From the Daily Press Briefing of Feb 7, 2007:

QUESTION: Did you get a chance to see the Japanese Foreign Minister's comments calling the U.S. Iraq policy immature?

MR. MCCORMACK: Oh, I still have not looked at those. I have to take a look at them, sorry.

QUESTION: I have a question on Turkey.

MR. MCCORMACK: Yeah, go ahead.

QUESTION: Mr. Gul said yesterday that the Armenia bill represent a serious threat to the relation with the United States. Actually, he said, "An acceptance of this Armenia bill will have a serious effect on the relation between United States and Turkey." Do you agree with him?

MR. MCCORMACK: Well, that's his assessment. We take him at his word. We understand the sensitivities in Turkey. We also understand the sensitivities in other communities in the U.S. and other places around the world. We are talking to the Congress about this. I think Foreign Minister Gul and the Turkish Government is well aware of our system of government and they understand that Congress is an independent branch. We are, however, in close contact with members of Congress on the issue and we have conveyed to them the sensitivities expressed to us by the Turkish Government concerning this particular resolution.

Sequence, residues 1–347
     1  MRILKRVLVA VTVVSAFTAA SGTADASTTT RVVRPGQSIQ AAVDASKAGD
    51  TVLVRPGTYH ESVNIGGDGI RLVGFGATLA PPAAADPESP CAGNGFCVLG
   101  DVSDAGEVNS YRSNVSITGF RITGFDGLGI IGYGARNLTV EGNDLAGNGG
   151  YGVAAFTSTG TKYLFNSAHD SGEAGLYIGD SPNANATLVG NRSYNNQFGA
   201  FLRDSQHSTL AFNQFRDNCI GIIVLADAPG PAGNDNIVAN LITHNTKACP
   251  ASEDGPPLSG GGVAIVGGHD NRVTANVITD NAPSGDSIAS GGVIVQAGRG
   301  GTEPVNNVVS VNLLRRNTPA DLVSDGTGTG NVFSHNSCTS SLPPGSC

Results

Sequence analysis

QUESTION: Another subject?


QUESTION:   The Secretary welcomed this morning the proposal of Mr. Lantos to -- for a new law to allow the U.S. to participate in this international bank for nuclear fuel. Did you -- what kind of contribution the U.S. could do to this bank and --

MR. MCCORMACK:   I'm playing catch-up on this one, Sylvie. We'll have to get you an answer. Yeah, I'll get you an answer.


QUESTION: Something else that Rice was questioned on today, Iran, and there was some discussion that the Iranians were prepared to recognize Israel or this idea was being floated.


QUESTION: Do you have any comments on that?

MR. MCCORMACK: Yeah, I think she addressed it pretty clearly. She said that if either somebody had told her that the Iranians were proposing that or some -- or she had read that in some of the papers that flowed into her office, she would have remembered. And she doesn't remember any such thing.

Yes, Jonathan.

QUESTION: But she was also asked about the dossier, which she didn't answer. A Democrat congressman wanted to know what had happened to this dossier. Is there anything you can update us on this? I mean, is it now just -- you know, on the backburner because you haven't got the evidence?

MR. MCCORMACK: No. You know, I was trying to tell you guys for the past week about this; that is, we're going to do this on our own timeline. We're going to do it in such a way that the presentation is clear, that it is factual, that it is to the point. But more importantly, we're going to do it in such a way that does not inhibit our ability to collect further such information in the future. Basically, you don't want to burn your sources and methods.